The thing about chocolate is its diversity in the kitchen. Over the past few years I’ve started throwing chocolate nibs and full on chocolate bars into my cooking, and I don’t mean just desserty things. Chocolate, with its varying flavor profiles, earthy, nutty and fruity notes, is the exact add to your recipe repertoire that you didn’t even know you needed.
Over the next few months, I’ll be highlighting some of my favorite chocolate-inclusive recipes, some original and some adapted to fit our home's unique taste preferences and diet needs.
So let’s get cooking!
Caveat: One important thing to mention is my cooking style. If I do use a recipe, I rarely follow the entire recipe to a “T.” I usually use it as a base, or guidelines, then take creative liberty and go down a merry cooking path, drinking a glass (or two) or wine and blasting Whitney Houston.
My cooking usually includes a dash of this, a handful of that and calling Kelechi (my partner) into the kitchen at least once to leverage her amazing palette. At the end of the day, the amounts and measurements listed below are estimates. Without further ado, below is our first chocolate-inclusive recipe.
- 12 medium-sized short ribs
- Salt and pepper
- Olive oil
- 3 garlic cloves
- Garlic powder
- Onion powder
- 1 small onion
- 1 carrot
- 2 cups beef broth
- 2-3 cups port (depends on your tastebuds)
- 1 cup of dry red wine
- Balsamic vinegar
- 1 small can tomato paste
- Fresh thyme
- 3-4 bay leaves
- 3 tbs. Quinoa flour
- About a quarter cup of masa
- Red pepper flakes
- ½ a bar of Dalloway Date Sugar Chocolate
1. Let short ribs come to room temperature and salt them on both sides
2. In a large dutch oven heat about 1 tbs. of olive oil on high heat and put half of the short ribs in the pan to brown. While browning sprinkle garlic and onion powder over the ribs. When one side is brown, flip the little guys over and sprinkle more onion and garlic powder on the other side. Using a large dutch oven, I needed to do my browning in two batches.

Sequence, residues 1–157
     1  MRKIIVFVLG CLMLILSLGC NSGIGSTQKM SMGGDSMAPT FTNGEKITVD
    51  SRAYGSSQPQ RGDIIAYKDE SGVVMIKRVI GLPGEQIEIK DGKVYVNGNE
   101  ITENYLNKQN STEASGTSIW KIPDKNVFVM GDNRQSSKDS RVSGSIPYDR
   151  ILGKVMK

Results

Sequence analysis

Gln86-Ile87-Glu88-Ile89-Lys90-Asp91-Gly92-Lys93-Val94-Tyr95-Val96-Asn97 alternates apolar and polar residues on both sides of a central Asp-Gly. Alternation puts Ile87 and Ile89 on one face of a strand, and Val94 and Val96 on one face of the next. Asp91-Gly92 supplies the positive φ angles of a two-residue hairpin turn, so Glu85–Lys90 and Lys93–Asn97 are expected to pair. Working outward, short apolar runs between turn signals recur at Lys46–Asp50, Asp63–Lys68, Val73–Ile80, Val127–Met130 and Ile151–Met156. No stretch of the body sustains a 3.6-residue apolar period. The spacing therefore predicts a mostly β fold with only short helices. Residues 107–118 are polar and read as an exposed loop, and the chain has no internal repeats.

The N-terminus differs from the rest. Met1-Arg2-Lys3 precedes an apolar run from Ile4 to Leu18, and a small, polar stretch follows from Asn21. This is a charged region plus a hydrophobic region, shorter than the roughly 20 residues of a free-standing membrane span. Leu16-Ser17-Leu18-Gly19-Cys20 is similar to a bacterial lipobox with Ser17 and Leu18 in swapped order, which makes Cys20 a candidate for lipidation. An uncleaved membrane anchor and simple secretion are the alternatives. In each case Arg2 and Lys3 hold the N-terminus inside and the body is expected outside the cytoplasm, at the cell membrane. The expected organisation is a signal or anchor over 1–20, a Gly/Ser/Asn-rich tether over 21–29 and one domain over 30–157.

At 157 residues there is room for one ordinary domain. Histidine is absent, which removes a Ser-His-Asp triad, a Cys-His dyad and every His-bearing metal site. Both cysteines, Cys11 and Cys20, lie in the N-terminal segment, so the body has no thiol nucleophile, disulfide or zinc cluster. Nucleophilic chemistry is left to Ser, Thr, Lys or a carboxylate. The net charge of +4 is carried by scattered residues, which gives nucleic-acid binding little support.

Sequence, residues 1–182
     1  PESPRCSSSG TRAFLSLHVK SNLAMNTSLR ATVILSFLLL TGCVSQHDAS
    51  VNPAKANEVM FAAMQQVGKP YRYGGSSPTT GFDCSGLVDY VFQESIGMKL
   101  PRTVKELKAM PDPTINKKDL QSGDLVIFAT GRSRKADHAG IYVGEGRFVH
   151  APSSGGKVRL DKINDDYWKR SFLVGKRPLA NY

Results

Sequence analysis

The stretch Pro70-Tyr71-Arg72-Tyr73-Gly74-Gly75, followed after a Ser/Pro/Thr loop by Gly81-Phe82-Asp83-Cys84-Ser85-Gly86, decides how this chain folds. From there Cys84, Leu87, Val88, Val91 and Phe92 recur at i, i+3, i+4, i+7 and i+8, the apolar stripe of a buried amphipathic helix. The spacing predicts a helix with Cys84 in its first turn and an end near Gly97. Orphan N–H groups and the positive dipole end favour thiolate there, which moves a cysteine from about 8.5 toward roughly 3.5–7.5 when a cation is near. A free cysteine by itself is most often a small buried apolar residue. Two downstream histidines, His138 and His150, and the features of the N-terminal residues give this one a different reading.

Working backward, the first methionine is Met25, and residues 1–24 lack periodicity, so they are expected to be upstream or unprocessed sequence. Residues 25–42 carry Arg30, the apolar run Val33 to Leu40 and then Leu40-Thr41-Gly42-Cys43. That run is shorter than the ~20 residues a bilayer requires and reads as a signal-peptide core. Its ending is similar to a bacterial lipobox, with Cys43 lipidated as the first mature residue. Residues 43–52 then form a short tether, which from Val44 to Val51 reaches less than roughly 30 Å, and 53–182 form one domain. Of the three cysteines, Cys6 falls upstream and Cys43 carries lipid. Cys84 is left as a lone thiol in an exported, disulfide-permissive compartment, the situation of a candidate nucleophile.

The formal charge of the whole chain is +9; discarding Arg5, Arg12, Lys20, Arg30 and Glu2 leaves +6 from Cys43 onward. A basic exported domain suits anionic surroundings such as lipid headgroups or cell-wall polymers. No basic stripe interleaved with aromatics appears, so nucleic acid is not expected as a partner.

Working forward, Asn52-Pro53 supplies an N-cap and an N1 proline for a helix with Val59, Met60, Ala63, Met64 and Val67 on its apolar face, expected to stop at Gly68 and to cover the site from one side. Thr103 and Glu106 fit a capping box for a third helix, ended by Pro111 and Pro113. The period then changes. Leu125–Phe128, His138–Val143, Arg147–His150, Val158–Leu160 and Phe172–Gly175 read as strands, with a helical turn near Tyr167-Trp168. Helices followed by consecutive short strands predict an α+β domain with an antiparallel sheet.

3. Remove short ribs and place to the side.
4. Turn the heat down to medium and add the chopped onion, carrot, and garlic. I’m notorious for burning garlic, so if you are too, bring the heat WAY down and watch that pan like a hawk!
5. When the onions are soft, about 5 minutes, add the quinoa flour and masa. I’ll be honest, I measured the quinoa flour but just grabbed about a handful of masa and threw it in. The first time I made this recipe I used only masa and really loved the texture it brought to the dish.
6. Add the rest of the ingredients (minus the short ribs, Sriracha, red pepper flakes and balsamic vinegar) and stir.
7. Place the ribs back into the pot and submerge them as much as possible.
8. Now is the time to get creative! We love spice in our house so I used a liberal pinch of red pepper flakes and a few squirts of Sriracha. If you’re not a heat-forward person, feel free to leave these two ingredients out.
9. Now comes the crucial ingredient! Balsamic vinegar. A little background on this. When I made these ribs, I called Kelechi into the kitchen to try the sauce. She told me it needed acid. And she was soooo right. So add that balsamic vinegar to taste. I used around 6-8 capfuls. But you do you and use as much as tastes good to your palette. Then, add salt to taste.
10. Set your stove to medium and cooked covered for 2 hours, then remove the lid and cook uncovered for around another 30 minutes.
Recommended Side Dishes
I made a vegan corn casserole, a kale salad and roasted sunchokes. I’m newly obsessed with sunchokes.
Cheers and chocolate,